OPINION: USF should provide a financial literacy program to reduce homelessness
Over 1,500 individuals in Tampa are experiencing homelessness, according to the 2022 PIT count by the Tampa Hillsborough Homeless Initiative.
Financial strain is a high-risk factor for homelessness, according to an April 2021 study by Medical Care. Financial literacy should be incorporated into homeless assistance programs to reduce the population of homeless individuals.
When Kacia Williams, an investment advisor representative, helped the homeless community, she learned that lack of financial literacy was a common theme between the stories of how these people became homeless, according to her June 2022 article published by Kiplinger.
In order to aid in combating this issue, USF should provide a no-cost program run by students and professors that aim to reduce homelessness through financial education.
San Diego City College has been able to help hundreds of homeless students through financial literacy workshops, according to a Feb. 15 San Diego City College article.
Most of the homeless assistance programs in Tampa provide resources such as healthcare, shelter and emotional support. Although these are good services to provide, they will have no long-term benefit, according to the Homeless Helping Homeless Inc. website. Without the knowledge of how to keep track of finances, these resources are ineffective.
Financial literacy for homeless people is important, according to USF finance major and business owner Bryan Payes.
“Knowing where you stand is very important to ensure you don’t outspend what you make without knowing that you can overpay for a house or car and left with the bank repo your possessions,” he said in a Feb. 24 interview with The Oracle.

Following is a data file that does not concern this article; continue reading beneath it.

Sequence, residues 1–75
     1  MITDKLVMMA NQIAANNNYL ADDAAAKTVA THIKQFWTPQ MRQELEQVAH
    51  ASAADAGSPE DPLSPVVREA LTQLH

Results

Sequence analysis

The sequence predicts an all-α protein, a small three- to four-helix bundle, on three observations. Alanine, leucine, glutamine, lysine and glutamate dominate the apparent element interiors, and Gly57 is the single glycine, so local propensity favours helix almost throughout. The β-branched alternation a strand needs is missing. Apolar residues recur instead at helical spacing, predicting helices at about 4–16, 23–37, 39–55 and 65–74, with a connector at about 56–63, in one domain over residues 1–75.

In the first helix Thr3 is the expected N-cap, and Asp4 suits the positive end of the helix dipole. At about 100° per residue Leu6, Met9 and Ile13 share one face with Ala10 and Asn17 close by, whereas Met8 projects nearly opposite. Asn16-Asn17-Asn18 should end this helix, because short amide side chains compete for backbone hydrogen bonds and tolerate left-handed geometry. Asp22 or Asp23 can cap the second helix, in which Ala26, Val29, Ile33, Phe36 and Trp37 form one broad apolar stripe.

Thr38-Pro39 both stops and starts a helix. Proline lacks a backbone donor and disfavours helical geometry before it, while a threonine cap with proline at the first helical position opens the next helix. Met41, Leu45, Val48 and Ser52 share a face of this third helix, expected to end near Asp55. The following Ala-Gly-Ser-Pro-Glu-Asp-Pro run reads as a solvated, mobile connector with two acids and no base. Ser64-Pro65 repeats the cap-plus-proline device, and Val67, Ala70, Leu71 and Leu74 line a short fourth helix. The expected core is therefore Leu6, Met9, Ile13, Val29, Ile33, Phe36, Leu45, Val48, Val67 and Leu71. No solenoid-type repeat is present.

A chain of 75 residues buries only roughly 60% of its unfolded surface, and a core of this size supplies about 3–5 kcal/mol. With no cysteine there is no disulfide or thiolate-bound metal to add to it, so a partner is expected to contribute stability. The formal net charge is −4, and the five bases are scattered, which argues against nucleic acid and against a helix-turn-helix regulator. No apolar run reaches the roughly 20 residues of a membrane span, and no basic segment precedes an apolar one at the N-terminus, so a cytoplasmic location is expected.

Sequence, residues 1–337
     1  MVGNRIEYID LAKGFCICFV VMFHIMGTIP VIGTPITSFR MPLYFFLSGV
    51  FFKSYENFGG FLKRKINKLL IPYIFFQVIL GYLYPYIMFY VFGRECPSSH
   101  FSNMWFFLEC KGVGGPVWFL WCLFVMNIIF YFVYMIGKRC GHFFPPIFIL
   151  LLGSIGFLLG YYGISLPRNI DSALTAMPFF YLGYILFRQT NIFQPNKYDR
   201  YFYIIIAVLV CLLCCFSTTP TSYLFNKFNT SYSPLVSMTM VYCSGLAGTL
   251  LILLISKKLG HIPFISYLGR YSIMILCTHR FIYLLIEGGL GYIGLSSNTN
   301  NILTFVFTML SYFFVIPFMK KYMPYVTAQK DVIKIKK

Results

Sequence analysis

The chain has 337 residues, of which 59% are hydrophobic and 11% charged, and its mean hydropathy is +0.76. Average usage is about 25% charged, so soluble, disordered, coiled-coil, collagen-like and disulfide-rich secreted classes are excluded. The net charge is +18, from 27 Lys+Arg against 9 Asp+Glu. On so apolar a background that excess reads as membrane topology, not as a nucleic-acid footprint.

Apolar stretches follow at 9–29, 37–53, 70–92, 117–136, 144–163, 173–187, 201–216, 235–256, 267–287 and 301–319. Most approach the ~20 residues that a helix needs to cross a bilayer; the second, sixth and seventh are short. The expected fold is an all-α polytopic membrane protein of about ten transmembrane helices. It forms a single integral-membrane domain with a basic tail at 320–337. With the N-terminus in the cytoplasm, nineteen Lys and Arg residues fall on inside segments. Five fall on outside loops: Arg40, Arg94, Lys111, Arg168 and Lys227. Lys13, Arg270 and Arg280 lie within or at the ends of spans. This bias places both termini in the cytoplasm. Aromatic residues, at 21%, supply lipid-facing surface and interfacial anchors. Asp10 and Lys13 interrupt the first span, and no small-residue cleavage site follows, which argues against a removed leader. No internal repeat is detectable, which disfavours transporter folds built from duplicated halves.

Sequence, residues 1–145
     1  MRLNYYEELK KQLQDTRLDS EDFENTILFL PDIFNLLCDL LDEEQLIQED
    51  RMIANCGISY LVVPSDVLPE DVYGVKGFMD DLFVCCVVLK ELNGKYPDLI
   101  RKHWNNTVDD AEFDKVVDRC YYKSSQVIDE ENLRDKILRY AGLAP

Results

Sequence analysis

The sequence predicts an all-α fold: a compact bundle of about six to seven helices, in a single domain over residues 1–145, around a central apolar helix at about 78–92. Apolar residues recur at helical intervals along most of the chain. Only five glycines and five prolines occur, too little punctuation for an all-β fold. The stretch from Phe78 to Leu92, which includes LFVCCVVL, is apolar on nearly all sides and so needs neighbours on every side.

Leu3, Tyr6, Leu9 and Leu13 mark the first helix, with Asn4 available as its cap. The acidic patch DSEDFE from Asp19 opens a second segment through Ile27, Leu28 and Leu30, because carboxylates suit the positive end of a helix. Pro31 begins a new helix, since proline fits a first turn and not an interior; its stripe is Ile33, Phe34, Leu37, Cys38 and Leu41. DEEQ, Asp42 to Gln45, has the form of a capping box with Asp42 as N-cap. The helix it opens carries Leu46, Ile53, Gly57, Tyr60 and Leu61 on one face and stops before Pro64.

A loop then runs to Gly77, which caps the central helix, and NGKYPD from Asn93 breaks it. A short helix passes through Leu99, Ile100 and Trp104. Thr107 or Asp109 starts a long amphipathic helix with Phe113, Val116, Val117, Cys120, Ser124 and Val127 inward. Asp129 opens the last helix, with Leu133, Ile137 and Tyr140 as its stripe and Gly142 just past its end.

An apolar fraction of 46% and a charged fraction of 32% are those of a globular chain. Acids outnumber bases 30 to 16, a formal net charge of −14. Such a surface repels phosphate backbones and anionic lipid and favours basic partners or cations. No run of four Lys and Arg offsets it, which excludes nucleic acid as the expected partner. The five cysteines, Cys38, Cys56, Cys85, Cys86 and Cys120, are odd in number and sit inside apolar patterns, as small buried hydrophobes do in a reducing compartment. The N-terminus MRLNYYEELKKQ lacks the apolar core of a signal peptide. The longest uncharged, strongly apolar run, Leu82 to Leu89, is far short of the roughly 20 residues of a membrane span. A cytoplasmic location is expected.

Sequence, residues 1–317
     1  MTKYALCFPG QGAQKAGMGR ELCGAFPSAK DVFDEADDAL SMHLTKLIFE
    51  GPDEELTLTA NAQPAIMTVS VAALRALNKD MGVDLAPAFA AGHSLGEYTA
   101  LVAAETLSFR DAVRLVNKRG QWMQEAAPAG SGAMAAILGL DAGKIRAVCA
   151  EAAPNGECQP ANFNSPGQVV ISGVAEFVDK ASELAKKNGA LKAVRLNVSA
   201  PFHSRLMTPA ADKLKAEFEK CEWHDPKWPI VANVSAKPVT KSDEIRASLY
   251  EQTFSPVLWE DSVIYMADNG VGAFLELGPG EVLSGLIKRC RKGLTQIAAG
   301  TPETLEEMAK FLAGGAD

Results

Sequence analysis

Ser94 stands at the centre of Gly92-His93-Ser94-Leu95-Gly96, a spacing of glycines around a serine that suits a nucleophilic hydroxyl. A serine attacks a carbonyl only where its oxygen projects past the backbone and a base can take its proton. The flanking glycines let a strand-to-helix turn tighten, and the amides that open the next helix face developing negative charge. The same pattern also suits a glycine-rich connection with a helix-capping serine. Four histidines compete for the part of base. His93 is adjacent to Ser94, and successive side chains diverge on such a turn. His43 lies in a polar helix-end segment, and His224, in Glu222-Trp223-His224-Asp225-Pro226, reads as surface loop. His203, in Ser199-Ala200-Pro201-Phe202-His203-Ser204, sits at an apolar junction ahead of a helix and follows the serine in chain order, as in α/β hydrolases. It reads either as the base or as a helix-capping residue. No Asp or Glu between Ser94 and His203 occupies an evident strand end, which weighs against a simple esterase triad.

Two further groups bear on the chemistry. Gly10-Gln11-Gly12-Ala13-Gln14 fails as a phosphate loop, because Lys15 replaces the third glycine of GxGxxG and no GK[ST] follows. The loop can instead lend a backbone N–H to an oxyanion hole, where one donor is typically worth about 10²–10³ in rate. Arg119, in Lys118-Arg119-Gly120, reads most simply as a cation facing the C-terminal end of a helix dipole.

By understanding how to properly manage their money, homeless people can turn their lives around and be able to afford their own housing.
“Financial literacy is important because it teaches people how to smartly manage their money and teaches them about smarter financial decisions,” finance major Emily Calam said in a Feb. 24 interview with the Oracle.
If financial literacy is provided to the lower-class population, the number of homeless people could be reduced, Calam said.
Programs such as this have been found to be effective in high homeless population cities like Los Angeles, where a program called Haven Neighborhood Services has been able to help over 1,500 people, according to its 2021 report.
Currently, no homeless assistance programs with a financial program in Tampa have shown proof of being able to reduce the homeless population. There has been little to no improvement in the rate of homelessness across the city since these programs have been in place.
In order to make these programs effective, monetary incentives should be given so they can begin learning how to manage this money. Those running the program should ensure the courses are engaging as the successful Virginia Supportive Housing program.
With such a large number of individuals facing homelessness in Tampa, it is crucial that community members take action to provide an effective financial literacy program to reduce this population.